Is Email marketing still worth it?
Yes. Email marketing has been declared illegal, dead or dying many times over the years, with banner adds, web / Google Ads, legislation and search engines all about to kill it off. Yet, as the graph illustrates, email is continuing to grow. Around 300 billion emails are delivered each day in 2020 and a steady percentage are marketing related.
Part of the growth in email traffic is due to more users. As of 2020, around 4 billion email accounts exist. A further trend to watch for is the growth in the use of smartphones to access email. Both Android and Apple phones boast highly useable and convenient email clients. Globally, nearly 50% of all email opening happens on a smartphone.
Marketwise has been working in the marketing and email marketing sector for over 20 years. We specialise in science mailing lists, but our experience and knowledge gained, applies across industry sectors.
Billions of emails sent each day
What is the ROI on Email Marketing?
According to a large survey from The Direct Marketing Association, publicly available here as a pdf, the answer is an average of $42 for every $1 spent. Obviously an average hides extremes, with some campaigns returning upwards of $90 to every $1 spent and some returning lower.
In summary, the answer to the question “Is email marketing worth it?” is yes, but it depends. With over 300 billion emails a day, it takes care and patience to stand out in a crowded inbox.
In this section, we discuss all aspects of email marketing, common mistakes and pitfalls, the impact of privacy legislation and what works. First lets cover inbound versus outbound marketing, a topic that often divides opinions.
Which is better, Inbound marketing or Outbound marketing?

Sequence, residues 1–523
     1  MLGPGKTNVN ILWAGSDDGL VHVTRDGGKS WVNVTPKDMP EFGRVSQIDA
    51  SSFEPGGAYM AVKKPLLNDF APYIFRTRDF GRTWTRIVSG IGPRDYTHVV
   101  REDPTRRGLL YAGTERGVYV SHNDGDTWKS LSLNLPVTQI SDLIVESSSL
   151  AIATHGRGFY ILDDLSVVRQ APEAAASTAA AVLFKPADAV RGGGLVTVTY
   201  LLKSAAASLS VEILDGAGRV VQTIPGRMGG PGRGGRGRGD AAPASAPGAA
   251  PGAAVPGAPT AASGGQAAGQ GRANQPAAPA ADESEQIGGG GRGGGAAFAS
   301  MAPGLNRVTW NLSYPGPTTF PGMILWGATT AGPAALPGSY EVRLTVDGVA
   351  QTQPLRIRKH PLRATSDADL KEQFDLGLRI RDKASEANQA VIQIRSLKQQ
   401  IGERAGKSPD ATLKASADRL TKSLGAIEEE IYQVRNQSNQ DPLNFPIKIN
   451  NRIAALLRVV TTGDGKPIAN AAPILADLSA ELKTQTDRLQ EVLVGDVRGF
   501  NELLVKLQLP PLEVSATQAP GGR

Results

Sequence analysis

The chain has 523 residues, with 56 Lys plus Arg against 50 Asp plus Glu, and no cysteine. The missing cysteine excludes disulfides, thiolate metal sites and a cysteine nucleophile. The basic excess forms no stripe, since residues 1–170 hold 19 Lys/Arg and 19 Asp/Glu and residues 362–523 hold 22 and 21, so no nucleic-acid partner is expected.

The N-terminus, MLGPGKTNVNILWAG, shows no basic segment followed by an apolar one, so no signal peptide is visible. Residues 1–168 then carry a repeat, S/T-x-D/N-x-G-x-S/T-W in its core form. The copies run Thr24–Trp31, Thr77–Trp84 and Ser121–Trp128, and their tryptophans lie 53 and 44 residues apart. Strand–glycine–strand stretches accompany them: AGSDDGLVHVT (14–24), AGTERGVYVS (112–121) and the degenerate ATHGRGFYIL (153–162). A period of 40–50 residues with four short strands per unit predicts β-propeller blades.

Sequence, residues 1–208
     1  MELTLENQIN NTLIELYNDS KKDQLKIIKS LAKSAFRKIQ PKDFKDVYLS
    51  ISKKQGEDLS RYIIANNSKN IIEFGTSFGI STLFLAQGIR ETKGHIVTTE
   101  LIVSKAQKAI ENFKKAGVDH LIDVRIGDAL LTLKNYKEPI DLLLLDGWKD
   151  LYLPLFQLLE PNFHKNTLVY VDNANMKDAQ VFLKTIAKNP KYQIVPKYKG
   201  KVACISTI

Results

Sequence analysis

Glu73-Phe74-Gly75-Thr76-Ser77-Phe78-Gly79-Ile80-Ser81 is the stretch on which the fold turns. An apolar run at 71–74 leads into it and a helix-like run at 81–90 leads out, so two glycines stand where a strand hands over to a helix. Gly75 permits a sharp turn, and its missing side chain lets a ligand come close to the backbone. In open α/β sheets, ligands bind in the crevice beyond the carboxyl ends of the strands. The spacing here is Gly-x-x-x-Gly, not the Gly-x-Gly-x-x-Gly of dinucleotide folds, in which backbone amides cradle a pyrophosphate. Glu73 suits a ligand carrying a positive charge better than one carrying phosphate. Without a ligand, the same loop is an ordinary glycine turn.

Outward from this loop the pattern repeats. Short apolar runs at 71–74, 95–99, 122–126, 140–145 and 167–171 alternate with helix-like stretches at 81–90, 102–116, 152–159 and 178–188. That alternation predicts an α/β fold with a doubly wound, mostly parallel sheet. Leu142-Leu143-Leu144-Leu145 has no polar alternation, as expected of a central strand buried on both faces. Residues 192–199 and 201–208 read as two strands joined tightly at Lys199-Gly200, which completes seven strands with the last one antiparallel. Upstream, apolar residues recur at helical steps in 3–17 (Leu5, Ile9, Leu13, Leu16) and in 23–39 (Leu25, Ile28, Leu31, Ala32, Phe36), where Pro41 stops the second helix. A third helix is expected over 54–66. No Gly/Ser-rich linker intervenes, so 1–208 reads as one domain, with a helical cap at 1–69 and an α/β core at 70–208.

First let’s define the terms inbound and outbound marketing. Inbound marketing relies on your customers finding you and your products or services. Today, this is mostly via a search engine, which is why companies spend so much time on Search Engine Optimisation (SEO). Outbound marketing is when you proactively search for your customers and approach them directly. This could use email, messaging, physical post, telephone calls and so on.
So which is better? As with most things, the answer is – it depends. If your product is a commodity, that everyone knows about, inbound will work well (iPhone anyone?). If your brand is the market leader and has huge recognition, again, your customers will find you (did you find Netflix or did they approach you?). But let’s dig a little deeper. If you have a well known brand, but you are now doing something new – what then? Do you hope your customers notice? Perhaps your existing customers will, but how about new customers?
We firmly believe that inbound and outbound marketing are complimentary.
In summary, it’s a false choice to decide to choose one over the other. Outbound marketing is especially good when you want to promote a new or refreshed product or service that your target customers would not even know to search for. A good outbound marketing strategy can help create awareness for inbound leads to flow. Conversely a good inbound / SEO strategy will help increase the success of a targeted outbound campaign.
Inbound and outbound marketing are two halves of a successful marketing strategy.
The following pages give further advice on running a successful email marketing campaign. If you have any questions, please get in touch.